renovation of the Central and East Station Waiting
    Areas. The contractors renovated the North Corridor and the 16th Street Courtyard (north part) and
    16th Street Corridor. The project was substantially completed on June 30, 2006.




                                                      16
SEPTA Railroad Map
                                                                              In    an    effort    to  get
                                                                              passengers        to     their
                                                                              destination faster, SEPTA will
                                                                              undertake the installation of
                                                                              high-level platforms.

                                                                                When riders board and
                                                                                disembark without climbing
                                                                                steps     using    high-level
                                                                                platforms, SEPTA reduces
                                                                                the "dwell time" at stations,
           Stations with High Level Platforms
                                                                                saving valuable seconds and
minutes that add up to faster service. High level platforms are also an excellent way to make stations
accessible to riders with disabilities. With the installation of high level platforms at Melrose Park, Elkins
Park and Jenkintown, the R2 Warminster, R3 West Trenton and R5 Lansdale/Doylestown trains will be
able to operate more efficiently as these routes merge onto the railroad mainline at Jenkintown.

Doylestown Branch High Level Platforms ($2,014,000) (MPMS #60585)

A project was advanced to construct high level platforms at stations on the entire Doylestown Branch. A
single high level platform was installed at Chalfont in August 2005. Construction at New Britain Station
                                                        was completed in April 2006. A shelter/canopy is
                                                        provided at each location. In both cases, the
                                                        resulting station facilities are accessible to
                                                        disabled riders. The Link Belt Station was also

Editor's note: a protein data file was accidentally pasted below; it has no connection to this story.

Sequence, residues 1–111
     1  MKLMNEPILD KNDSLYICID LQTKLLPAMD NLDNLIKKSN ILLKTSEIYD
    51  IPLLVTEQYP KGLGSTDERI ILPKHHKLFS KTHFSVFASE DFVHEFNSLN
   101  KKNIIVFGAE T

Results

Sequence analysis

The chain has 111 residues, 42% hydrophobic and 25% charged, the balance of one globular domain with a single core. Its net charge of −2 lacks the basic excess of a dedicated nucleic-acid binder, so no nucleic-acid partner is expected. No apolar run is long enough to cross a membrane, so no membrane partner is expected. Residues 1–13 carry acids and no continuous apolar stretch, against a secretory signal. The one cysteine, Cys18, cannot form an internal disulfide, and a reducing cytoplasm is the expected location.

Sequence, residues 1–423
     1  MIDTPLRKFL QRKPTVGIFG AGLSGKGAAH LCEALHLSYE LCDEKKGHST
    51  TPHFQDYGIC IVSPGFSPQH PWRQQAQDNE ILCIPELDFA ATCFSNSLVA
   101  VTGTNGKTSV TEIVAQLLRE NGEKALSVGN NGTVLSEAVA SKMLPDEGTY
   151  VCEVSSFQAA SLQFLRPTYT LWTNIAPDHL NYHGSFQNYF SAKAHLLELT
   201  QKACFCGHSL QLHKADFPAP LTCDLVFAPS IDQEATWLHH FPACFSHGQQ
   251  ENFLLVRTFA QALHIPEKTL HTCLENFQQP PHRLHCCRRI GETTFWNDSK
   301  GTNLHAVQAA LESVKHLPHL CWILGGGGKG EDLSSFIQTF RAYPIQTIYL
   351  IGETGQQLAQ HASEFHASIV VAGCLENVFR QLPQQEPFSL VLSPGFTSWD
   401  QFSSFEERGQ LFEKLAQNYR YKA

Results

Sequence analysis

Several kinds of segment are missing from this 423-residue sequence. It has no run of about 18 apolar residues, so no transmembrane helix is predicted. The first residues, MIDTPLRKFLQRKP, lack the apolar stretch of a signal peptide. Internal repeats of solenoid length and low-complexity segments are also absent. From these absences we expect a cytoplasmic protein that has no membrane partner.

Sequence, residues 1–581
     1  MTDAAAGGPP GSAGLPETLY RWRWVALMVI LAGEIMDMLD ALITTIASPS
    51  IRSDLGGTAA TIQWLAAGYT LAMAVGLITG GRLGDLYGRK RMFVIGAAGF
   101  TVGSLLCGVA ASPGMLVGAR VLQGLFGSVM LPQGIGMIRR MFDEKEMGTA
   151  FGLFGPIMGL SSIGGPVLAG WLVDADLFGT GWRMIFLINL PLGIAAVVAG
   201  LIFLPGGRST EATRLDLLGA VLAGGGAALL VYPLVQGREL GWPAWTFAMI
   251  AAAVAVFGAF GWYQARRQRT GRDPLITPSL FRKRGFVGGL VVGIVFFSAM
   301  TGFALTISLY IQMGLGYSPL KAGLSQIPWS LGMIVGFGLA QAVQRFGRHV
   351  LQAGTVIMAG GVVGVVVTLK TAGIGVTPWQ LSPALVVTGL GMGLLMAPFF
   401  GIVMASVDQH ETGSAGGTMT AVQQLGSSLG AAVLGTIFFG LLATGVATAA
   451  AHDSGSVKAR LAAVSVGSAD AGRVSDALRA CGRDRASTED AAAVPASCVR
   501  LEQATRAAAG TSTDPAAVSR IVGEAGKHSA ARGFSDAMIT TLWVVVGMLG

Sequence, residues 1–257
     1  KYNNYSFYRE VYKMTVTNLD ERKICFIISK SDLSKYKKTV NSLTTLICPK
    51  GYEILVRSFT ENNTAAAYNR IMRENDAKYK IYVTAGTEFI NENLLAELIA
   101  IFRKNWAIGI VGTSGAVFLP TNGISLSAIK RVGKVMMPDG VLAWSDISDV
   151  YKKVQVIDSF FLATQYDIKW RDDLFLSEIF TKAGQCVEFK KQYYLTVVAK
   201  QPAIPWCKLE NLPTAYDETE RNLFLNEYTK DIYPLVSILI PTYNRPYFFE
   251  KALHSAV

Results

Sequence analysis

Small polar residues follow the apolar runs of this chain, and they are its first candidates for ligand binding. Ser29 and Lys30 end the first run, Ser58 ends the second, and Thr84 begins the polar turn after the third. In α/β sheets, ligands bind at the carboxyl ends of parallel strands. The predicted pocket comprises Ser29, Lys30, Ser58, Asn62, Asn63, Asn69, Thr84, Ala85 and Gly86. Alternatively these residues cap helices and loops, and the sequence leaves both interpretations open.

reconstructed as part of this initiative and
                                                        included a one hundred twenty-foot (120’) high
                                                        level platform, passenger shelter, lighting and a
                                                        passenger drop-off area.       Construction was
                                                        completed in December 2000.            High level
                                                        platforms were previously constructed at Colmar,
                                                        and Delaware Valley College Stations.


                Link Belt Station




                New Britain Station                                           Chalfont Station




                                                     17
Audio-Visual Equipment at Key Stations ($6,810,000) (MPMS #60271)

In voluntary compliance with the Americans with Disabilities Act of 1990, an audio/visual public address
system was installed at twenty-two (22) SEPTA RRD stations. This project, which included equipment
installation, system software, and communication enhancements, was completed in December 2002.

The following Key Stations in Bucks County were completed:
• Warminster, R2 Warminster Line
• Neshaminy Falls, R3 West Trenton Line
• Doylestown, R5 Doylestown Line




Yardley Station ($1,089,800) (MPMS
#60585)

This project provided for the reconstruction of
Yardley Station and included new platforms,
canopy/shelter on the inbound side, lighting
and intertrack fencing improvements, and
repaving of the inbound parking lot. The
outbound platform was lengthened to
accommodate a four-car train. The station was
completed in April 2002.




                                                   18
Woodbourne Station Reconstruction and Parking Expansion Project ($2,069,344) (MPMS
#60585)

The first phase of this project provided
for     improvements        to    SEPTA's
Woodbourne Station parking lot on the
R3 West Trenton Regional Rail Line.
The scope of work included the paving
of the existing 79-space gravel lot and
the    expansion     of    this   lot   to
accommodate an additional 58 parking
spaces. Also included in the first phase
was the purchase of the newly
constructed 380-space parking facility
built to SEPTA’s specifications. The
builder and property owner, McGrath
Homes, was willing to enter into the
transaction with SEPTA to complement
their residential construction adjacent to
the site. Phase I was completed in
October 2000.


The second phase of this project,
completed in November 2002, consisted